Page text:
A perspective is a definition that allows users to see a cube in a simpler way. A perspective is a subset of the features of a cube. A perspective enables administrators to create views of a cube, helping users to focus on the most relevant data for them. A perspective contains subsets of all objects from a cube. A perspective cannot include elements that are not defined in the parent cube.

A simple Perspective object is composed of: basic information, dimensions, measure groups, calculations, KPIs, and actions. Basic information includes the name and the default measure of the perspective. The dimensions are a subset of the cube dimensions. The measure groups are a subset of the cube measure groups. The calculations are a subset of the cube calculations. The KPIs are a subset of the cube KPIs. The actions are a subset of the cube actions.

A cube has to be updated and processed before the perspective can be used.

Cubes can be very complex objects for users to explore in Microsoft SQL Server Analysis Services. A single cube can represent the contents of a complete data warehouse, with multiple measure groups in a cube representing multiple fact tables, and multiple dimensions based on multiple dimension tables. Such a cube can be very complex and powerful, but daunting to users who may only need to interact with a small part of the cube in order to satisfy their business intelligence and reporting requirements.

In Microsoft SQL Server Analysis Services, you can use a perspective to reduce the perceived complexity of a cube in Analysis Services. A perspective defines a viewable subset of a cube that provides focused, business-specific or application-specific viewpoints on the cube. The perspective controls the visibility of objects that are contained by a cube. The following objects can be displayed or hidden in a perspective:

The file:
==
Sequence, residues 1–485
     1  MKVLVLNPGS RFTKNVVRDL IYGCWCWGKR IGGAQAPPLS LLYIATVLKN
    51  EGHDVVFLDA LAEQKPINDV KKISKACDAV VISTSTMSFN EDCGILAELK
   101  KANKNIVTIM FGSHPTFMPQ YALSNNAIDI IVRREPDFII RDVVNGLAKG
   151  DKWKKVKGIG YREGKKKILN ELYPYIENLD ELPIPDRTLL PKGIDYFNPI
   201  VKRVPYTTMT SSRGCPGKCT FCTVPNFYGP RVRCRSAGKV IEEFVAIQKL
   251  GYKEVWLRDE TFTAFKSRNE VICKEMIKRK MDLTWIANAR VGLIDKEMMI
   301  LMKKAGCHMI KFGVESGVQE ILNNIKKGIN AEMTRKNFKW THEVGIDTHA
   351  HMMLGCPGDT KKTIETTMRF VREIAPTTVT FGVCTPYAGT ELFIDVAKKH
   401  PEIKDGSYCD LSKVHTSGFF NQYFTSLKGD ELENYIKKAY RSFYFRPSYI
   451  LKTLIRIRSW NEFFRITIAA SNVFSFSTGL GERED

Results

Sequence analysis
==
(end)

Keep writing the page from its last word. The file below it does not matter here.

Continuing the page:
• Dimensions

  • Attributes

  • Hierarchies

  • Measure groups

  • Measures

  • Key Performance Indicators (KPIs)

  • Calculations (calculated members, named sets, and script commands)

  • Actions

    For example, the Adventure Works cube in the Adventure Works DW Multidimensional 2012 sample Analysis Services database contains eleven measure groups and twenty-one different cube dimensions, representing sales, sales forecasting, and financial data. A client application can directly reference the complete cube, but this viewpoint may be overwhelming to a user trying to extract basic sales forecasting information. Instead, the same user can use the Sales Targets perspective to limit the view of the Adventure Works cube to only those objects relevant to sales forecasting.

    Objects in a cube that are not visible to the user through a perspective can still be directly referenced and retrieved using XML for Analysis (XMLA), Multidimensional Expressions (MDX), or Data Mining Extensions (DMX) statements. Perspectives do not restrict access to objects in a cube and should not be used as such; instead, perspectives are used to provide a better user experience while accessing a cube.

    A perspective is a read-only view of the cube; objects in the cube cannot be renamed or changed by using a perspective. Similarly, the behavior or features of a cube, such as the use of visual totals, cannot be changed by using a perspective.


Perspectives are not meant to be used as a security mechanism, but as a tool for providing a better user experience in business intelligence applications. All security for a particular perspective is inherited from the underlying cube. For example, perspectives cannot provide access to objects in a cube to which a user does not already have access. - Security for the cube must be resolved before access to objects in the cube can be provided through a perspective.